Grandview Heights is participating in a new program designed to help residents obtain financing for projects to increase their homes' energy efficiency.

City Council members April 6 approved legislation to authorize Grandview to enter into an agreement with the Columbus Regional Energy Special Improvement District and the Toledo-Lucas County Port Authority.

The Columbus ESID was set to go into operation April 1, but officials learned April 16 that the start date had been delayed until May.

The Columbus district includes Bexley, Dublin, Grove City, Hilliard, Perry Township, Whitehall and Worthingon, said council president Emily Keeler.

Keeler co-sponsored the ordinance with councilwoman Melanie Houston.

By joining the ESID, the communities have the ability to establish a Residential Property Assessed Clean Energy, or PACE, program for residents, she said.

A PACE program gives homeowners the opportunity to pay for energy improvements at their homes without upfront costs by applying for a loan at a zero- or low-interest rate, Keeler said.

Matt Jordan, a member of Sustainable Grandview, said he began talking about the benefits of a residential PACE program to Keeler and other council members shortly after he moved to Grandview in 2019.

Sustainable Grandview was established in 2009 and its members work to engage and educate residents on environmental and sustainability issues, he said.

As a graduate student at the University of California at Berkeley, Jordan was part of a team of UC-Berkeley students who participated in that city's effort during 2007-08 to create one of the first residential PACE programs in the country.

"PACE financing is a tried and true way to get over a lot of the barriers to traditional financing for clean-energy household projects," he said.

The upfront cost of, for example, installing rooftop solar panels at a house could run $10,000 to $25,000, which many people can't afford, Jordan said.

The residential PACE financing model will give residents the ability to cover the cost of a loan they receive through a special assessment on their property taxes, he said.

"Most of the time, the money you'll be saving in your energy costs will more than make up the additional taxes you'll be paying," Jordan said.

Ohio enacted legislation in July 2009 that expanded the state's existing law on special improvement districts to authorize communities to create ESIDs.

According to the ordinance passed by council, ESIDs are voluntary organizations of municipal corporations, townships and property owners that undertake special energy-improvement projects that benefit properties and authorize the financing of those projects through voluntary special assessments.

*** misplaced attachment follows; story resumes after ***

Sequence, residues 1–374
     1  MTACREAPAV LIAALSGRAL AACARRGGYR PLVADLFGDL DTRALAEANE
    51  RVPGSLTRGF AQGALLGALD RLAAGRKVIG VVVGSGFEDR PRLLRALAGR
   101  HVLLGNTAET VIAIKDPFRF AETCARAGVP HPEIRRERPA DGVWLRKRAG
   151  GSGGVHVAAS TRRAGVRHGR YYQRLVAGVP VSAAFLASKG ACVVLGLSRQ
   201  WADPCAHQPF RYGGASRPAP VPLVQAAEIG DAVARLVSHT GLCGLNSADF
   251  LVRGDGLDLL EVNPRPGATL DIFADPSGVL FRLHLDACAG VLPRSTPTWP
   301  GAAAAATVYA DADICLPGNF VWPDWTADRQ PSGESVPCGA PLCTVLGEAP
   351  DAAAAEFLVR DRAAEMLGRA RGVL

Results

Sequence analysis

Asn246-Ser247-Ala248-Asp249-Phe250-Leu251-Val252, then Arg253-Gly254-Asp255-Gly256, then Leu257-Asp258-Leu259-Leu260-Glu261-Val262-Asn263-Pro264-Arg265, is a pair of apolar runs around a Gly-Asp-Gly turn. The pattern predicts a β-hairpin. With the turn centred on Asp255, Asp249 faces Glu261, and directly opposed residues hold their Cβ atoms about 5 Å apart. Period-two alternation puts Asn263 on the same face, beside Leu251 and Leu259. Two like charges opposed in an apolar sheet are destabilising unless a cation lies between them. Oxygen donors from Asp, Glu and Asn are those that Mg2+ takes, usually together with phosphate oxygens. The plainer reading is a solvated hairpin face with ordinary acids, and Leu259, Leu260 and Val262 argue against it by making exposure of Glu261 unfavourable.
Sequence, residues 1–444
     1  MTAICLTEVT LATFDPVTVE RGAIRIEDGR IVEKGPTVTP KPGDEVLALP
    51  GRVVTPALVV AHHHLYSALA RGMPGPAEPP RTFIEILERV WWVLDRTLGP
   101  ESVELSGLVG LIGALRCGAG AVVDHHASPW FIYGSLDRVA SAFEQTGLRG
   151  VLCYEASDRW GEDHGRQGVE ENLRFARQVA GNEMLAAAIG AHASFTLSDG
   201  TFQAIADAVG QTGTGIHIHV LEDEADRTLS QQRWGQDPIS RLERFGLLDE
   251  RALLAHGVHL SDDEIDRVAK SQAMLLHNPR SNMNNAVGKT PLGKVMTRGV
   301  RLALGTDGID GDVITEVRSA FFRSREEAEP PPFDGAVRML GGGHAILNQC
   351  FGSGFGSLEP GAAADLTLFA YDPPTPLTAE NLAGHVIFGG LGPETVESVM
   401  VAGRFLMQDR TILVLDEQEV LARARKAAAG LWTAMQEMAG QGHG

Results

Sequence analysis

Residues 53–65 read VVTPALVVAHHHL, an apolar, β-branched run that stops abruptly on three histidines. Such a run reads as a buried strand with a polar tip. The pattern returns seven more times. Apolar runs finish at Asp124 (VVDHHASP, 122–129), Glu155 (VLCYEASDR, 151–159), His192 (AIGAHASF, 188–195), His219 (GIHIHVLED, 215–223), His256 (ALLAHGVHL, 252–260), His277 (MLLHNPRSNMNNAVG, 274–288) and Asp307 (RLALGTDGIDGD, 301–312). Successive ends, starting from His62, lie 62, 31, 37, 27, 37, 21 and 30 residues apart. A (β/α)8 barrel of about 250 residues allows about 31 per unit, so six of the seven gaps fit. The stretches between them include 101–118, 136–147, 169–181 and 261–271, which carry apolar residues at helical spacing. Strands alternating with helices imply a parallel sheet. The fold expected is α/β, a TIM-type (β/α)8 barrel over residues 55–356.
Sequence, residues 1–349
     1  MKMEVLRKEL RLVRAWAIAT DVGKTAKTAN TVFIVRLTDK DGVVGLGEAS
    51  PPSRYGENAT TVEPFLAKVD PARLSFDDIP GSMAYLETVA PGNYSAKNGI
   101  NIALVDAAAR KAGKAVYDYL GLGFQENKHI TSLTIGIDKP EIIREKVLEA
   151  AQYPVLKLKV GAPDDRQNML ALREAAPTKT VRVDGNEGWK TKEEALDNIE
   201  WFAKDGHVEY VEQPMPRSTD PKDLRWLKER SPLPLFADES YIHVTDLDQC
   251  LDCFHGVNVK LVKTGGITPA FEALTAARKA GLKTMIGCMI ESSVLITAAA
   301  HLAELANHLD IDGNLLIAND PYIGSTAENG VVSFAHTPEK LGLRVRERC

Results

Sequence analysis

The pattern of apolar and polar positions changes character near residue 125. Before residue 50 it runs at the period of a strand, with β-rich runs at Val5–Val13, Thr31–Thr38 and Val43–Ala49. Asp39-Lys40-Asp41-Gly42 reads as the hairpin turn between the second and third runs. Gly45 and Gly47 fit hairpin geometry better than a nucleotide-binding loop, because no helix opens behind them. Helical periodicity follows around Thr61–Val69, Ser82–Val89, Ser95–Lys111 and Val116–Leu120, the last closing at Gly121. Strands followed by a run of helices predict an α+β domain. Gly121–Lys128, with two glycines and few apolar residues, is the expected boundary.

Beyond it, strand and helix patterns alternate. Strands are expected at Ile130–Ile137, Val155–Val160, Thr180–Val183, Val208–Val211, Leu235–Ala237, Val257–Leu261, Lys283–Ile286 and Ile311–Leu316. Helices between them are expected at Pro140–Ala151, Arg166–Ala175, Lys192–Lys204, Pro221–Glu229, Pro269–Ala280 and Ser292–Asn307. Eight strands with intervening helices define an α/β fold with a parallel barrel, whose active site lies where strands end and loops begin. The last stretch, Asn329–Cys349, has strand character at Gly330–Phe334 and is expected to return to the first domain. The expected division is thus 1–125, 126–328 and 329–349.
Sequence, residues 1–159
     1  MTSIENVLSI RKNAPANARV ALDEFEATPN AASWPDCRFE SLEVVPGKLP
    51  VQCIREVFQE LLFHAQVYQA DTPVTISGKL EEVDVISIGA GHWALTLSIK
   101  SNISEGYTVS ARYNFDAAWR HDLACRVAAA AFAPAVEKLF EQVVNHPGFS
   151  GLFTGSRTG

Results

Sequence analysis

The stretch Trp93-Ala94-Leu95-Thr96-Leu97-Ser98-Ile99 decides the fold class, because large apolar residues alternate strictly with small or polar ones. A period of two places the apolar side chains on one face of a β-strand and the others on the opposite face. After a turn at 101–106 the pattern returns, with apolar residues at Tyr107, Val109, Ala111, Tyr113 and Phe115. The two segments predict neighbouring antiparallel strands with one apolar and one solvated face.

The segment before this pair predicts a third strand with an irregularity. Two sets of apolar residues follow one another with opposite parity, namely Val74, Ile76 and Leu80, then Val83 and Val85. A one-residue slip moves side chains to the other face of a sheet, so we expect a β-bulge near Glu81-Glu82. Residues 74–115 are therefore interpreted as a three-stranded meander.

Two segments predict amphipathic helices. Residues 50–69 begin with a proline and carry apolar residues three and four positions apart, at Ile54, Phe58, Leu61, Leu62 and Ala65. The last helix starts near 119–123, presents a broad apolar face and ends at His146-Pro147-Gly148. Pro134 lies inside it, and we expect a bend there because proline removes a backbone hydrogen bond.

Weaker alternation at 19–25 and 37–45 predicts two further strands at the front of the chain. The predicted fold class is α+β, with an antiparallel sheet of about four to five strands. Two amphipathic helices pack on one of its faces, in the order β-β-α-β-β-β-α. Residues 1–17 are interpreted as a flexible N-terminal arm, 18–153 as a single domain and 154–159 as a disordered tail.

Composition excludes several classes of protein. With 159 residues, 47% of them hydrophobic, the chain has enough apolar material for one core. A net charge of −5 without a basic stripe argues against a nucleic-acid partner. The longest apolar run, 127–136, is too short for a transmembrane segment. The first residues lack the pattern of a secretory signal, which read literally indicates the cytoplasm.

An ESID is "the mechanism" that allows a residential PACE program to be established in a community, Keeler said.

The Toledo-Lucas County Port Authority serves as the agency that reviews and approves residents' applications in most communities in the state where a ESID has been established, she said.

The legislation council approved April 6 authorizes the port authority to act on behalf of the city to receive and approve or disapprove applications and plans submitted by residents, Keeler said.

"It's an arrangement that results in really very little additional burden and no real cost for a community," she said.

When he moved to Ohio about a year ago, Jordan said, "I was so excited to find out that Ohio had adopted legislation (in 2010) authorizing residential PACE programs to be established in the state. Now I'm really happy that Grandview has acted to create this opportunity for people in our community."

Residents now will be able to apply to the port authority for residential PACE financing for projects at their homes.

If the port authority approves the financing arrangement, the city will assign a tax assessment to the property.

After the homeowner completes the approved energy improvements, they repay the cost of the project plus interest over time through a tax assessment on their property-tax bill.

Residents can apply for loans to help fund a variety of energy-efficiency projects, Keeler said.

"It's not just to install solar panels or wind energy at your home," she said. "It can be for something as simple as installing new windows or a new HVAC system to improve the energy efficiency of your home.

"This is a program that will benefit our residents, our community and the environment," Keeler said.

She said the city is working to put information about how to apply for PACE financing on the city's website.

Jordan said Sustainable Grandview will offer a virtual educational event about the program once it is up and running.

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